- CAMPUS LIFE
Punk rock and world music may not make sense together at first thought, but the band Firewater has fused cultural music from the Middle East and elsewhere with punk rock, creating a fresh and original blend of musical forms that challenges listeners in how they perceive both. To make the album Tod A spent time in Turkey and Israel during the Arab Spring of 2011, and the impact of that tumultuous time can definitely be heard in the music. The new album, International Orange!, was mixed by Tamir Muskat of Balkan Beat Box. Interview by Neil Ferguson.
Your new album has a lot different influences and musical elements. Talk about how you came upon the "world punk" sound.
I started getting fairly bored with strictly “American” music several years ago: everything sounded so sanitized, compartmentalized and and corporatized. Living in NYC exposed me to musical traditions, styles and rhythms from all over. Those flavors naturally seeped into my songwriting.
Describe the experience of working on the album in Tel Aviv and Istanbul during the time period that you were there. What was the environment like and how did that weigh on you musically?
We recorded in Istanbul during the middle of the Flotilla Crisis, a conflict between Turkey and Israel over Israel's blockading of Palestinian aid. At one point, it looked like the two countries would go to war. I liked the fact that during that scary time, Turks and Israelis were collaborating musically on this record. Tel Aviv is a crazy town. Nobody knows how long they've got, so they tend to live very much in the moment. Being there was surreal yet inspiring, with all the revolutions going on so nearby. Imagine the people of Canada and Mexico rising up and overthrowing their governments. That's sort of what it felt like.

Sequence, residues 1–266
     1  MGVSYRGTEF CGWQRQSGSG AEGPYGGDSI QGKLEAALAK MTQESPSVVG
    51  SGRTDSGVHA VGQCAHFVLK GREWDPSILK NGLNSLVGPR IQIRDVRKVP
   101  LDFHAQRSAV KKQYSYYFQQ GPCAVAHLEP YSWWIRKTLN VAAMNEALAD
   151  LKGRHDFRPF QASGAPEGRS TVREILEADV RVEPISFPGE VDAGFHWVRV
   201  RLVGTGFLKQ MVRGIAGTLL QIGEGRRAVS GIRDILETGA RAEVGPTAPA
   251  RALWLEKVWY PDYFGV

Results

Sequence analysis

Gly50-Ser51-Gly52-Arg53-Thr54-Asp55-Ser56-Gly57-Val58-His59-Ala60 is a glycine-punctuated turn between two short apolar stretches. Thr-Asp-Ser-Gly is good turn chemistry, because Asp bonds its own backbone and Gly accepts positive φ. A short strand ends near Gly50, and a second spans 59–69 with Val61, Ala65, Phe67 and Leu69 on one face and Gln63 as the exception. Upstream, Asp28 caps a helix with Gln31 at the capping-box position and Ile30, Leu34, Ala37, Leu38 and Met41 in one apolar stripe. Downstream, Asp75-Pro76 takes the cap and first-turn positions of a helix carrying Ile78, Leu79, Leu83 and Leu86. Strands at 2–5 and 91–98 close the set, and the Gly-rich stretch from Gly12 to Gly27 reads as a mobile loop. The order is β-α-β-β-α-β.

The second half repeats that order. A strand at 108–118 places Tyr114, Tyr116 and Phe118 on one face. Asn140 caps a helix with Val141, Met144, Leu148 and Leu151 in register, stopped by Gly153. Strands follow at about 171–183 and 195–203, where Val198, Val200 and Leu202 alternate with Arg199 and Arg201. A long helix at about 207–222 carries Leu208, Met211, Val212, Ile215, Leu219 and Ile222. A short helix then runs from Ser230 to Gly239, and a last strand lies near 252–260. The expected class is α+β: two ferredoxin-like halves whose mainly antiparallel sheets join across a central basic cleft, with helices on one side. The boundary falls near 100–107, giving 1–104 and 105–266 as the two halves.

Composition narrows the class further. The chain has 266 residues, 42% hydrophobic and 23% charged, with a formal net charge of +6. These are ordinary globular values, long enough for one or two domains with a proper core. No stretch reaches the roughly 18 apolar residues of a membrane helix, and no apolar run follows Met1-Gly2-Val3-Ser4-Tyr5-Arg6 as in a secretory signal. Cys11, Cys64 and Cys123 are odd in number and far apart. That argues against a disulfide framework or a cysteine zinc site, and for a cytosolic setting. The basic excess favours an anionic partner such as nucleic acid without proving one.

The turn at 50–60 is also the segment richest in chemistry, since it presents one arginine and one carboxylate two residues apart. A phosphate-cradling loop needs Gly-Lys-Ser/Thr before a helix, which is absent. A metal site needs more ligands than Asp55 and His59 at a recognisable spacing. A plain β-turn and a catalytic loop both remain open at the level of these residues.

Did you encounter any difficulties (politically or other) in being able to make record in either of those places?
Thankfully, no. In my experience, ordinary people can usually find a way to get along. Governments are a different story. I did have to cancel my plan to travel overland through Syria. I still want to do a trip through Iran. That will be the next place to blow up. Mark my words.
How different was the experience from recording an album in America or even Europe?
The studios were cheaper and the hummus was much, much tastier. Seriously, I think some of the energy of the place you record in inevitably gets captured on tape. Istanbul is a high-energy place, full of youth and optimism – pretty different from the feeling I get in most parts of America these days.
Are there any particular artists currently making music that you feel relate to your sound or that you just really enjoy?
Yes! There are many. But the band I'm most excited about at the moment is The Bombay Royale. I don't know where they've been my whole life. They do surf covers of classic Bollywood songs from the golden age of experimentalism (the 60's and 70's). I've been a huge fan of the genre for many years, and now I can hear it in hi-fi! Buy their record immediately.
How did you connect with the folks at Bloodshot Records?
Their label manager, Scott Schaefer, is an old buddy. Any friend of his is a friend of ours. We're very happy with Bloodshot, though I think they find us a little peculiar.
Talk about your upcoming Austin show at Red7.
The basic plan is to drink copious amounts of [Shiner] Bock and rock the house. Don't forget your dancing shoes. We don't tour the states too often anymore, so we're really looking forward to it. Austin is always a major highlight of the trip: an oasis of sanity in a dark desert of creeping conservatism. We'll play some of “International Orange!” but lots of old stuff as well. Sort of a 'greatest hits and misses'. Truly hope to see you there.